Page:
Melissa Smith of Soldotna, the other final contestant, said she has liked the opportunity to perform for the sometimes standing-room-only crowds.
"I love the audiences, they're so much fun," Smith said. "Having the opportunity to sing every week somewhere other than my job is really fun."
Smith, 19, was born and raised in Soldotna, graduated from Skyview High School in 2003 and has been singing since age 2 and performing since she was 5, she said. Throughout her school career she was involved in things like swing choir, concert choir, All-State and All-Northwest honor choirs. She also was in Young Continentals. She works at Virtual Powers Network, a local Internet company, and performs at Sockeye's Restaurant at Kenai Landing two days a week this summer and at Kaladi Brother's about once a month during the winter.
She enjoys country and easy listening music in the vein of Sarah McLaughlin, which has been the types of songs she's chosen to perform for Sing from the Heart.
On Aug. 7, "Independence Day," "No Place That Far" and "Power of your Love" were her song choices. In the judge's comments, she got praise for her crisp, clear voice.
"You have a strong, powerful voice and I can see you in Nashville one day," said judge Don Weller.
She was advised to choose songs that better show off her vocal range and to make better eye contact with the crowd.
Smith said one of the difficulties of the contest has been choosing and preparing new songs each week (contestants must have their songs memorized and may not repeat them). Another tough part has been watching talented people get cut each week. In all, the experience has been a lot of fun, Smith said.
"I always want to have music be a part of my life, whether as a performing artist, choir teacher or singing to my kids or whatever it is," she said.
The third-place winner in Sing from the Heart was Lori Mason, who lives between Kenai and Soldotna and works as a personal care attendant for Frontier Training. At 47, Mason provided a contrast in experience to Lytle and Smith. She's been a drummer and keyboardist in various bands, did public relations for a band her husband was in and has been a karaoke DJ in the area.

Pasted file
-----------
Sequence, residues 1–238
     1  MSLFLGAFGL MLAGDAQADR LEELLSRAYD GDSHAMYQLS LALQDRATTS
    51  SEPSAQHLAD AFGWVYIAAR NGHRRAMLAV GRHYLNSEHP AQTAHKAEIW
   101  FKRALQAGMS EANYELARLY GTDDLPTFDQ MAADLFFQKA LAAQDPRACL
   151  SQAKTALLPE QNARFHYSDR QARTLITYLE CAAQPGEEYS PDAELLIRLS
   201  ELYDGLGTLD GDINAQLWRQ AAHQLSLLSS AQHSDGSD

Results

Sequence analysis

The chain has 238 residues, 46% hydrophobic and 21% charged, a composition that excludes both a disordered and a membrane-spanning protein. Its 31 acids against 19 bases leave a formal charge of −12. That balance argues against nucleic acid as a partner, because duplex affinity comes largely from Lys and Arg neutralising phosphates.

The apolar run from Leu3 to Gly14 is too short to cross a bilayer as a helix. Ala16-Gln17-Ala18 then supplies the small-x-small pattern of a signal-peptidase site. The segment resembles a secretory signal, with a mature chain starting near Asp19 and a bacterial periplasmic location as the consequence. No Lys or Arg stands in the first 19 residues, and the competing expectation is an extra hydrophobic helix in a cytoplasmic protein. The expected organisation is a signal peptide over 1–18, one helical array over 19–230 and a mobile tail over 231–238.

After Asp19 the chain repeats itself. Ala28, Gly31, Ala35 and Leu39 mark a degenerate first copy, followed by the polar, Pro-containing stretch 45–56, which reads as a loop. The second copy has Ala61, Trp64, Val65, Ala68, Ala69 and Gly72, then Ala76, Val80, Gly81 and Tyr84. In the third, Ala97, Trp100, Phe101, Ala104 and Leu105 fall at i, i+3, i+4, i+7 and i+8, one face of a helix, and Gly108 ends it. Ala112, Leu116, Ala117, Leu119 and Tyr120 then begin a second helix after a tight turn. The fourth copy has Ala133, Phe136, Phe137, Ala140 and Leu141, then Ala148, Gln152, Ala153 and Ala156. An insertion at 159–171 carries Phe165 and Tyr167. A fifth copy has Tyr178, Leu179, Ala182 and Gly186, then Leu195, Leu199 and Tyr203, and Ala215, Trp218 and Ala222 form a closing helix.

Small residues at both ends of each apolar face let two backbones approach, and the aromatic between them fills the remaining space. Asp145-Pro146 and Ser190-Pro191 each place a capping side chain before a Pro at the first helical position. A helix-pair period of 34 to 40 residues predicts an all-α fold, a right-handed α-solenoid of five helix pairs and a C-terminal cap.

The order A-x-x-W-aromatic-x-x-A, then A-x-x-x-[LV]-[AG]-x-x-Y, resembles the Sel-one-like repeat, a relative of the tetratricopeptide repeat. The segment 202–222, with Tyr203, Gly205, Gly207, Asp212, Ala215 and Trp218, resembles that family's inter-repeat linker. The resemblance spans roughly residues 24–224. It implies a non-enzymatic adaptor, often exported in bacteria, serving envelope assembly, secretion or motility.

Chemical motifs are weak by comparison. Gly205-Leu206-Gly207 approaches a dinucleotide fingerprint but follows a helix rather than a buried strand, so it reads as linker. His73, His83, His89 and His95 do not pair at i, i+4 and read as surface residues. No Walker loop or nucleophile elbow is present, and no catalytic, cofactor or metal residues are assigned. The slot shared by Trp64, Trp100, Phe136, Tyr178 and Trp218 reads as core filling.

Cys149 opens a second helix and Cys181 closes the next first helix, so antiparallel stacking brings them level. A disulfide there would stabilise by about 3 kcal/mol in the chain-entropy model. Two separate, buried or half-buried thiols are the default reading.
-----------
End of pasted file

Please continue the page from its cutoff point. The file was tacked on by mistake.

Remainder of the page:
She entered the contest at the urging of her sister and husband and because of her passion for singing.
"I love it. It's an escape for me as far as the stress of everyday life. It brings me happiness and it's great for my lungs," Mason said, explaining that she suffered from breathing problems for many years.
Mason's performances were often the more elaborate out of the last three finalists', involving lively costumes and dancing. Mason is a big fan of classic rock, counting the Beatles as one of her musical inspirations. On Aug. 7, her performance of "Hang on Sloopy," had the audience clapping along with her music.
"Lori, you have rhythm I mean rhythm!" judge Cathie-Lee Painter told her. "I think even your feet sing."
Trudy Petersen, another judge, joked that she and other older people in crowd enjoyed Mason's choice of music.
"You're always having fun and that's what it's all about," Petersen said. "If you're having fun, we're having fun."
Putting on an entertaining performance is what Mason said she strives for.
"I love people to have fun," she said. "I try not to be boring. I don't want people to say, 'Oh my God, I want this song to be over.'"
At Saturday's contest, Mason will perform "Rocking in the USA" as a tribute to her son, Joshua, who was deployed by the Army to Fallujah in Iraq
Mason said being in the contest with "kids" like Lytle and Smith helped assuage her empty nest syndrome. It also gave her a chance to remember what it was like being their age.
"I hadn't been in a parade since I was 16," she said, referring to the Sing from the Heart Progress Days float. "That was way cool. It gave me a lot of energy. I felt like a kid again. I loved it from the bottom of my heart."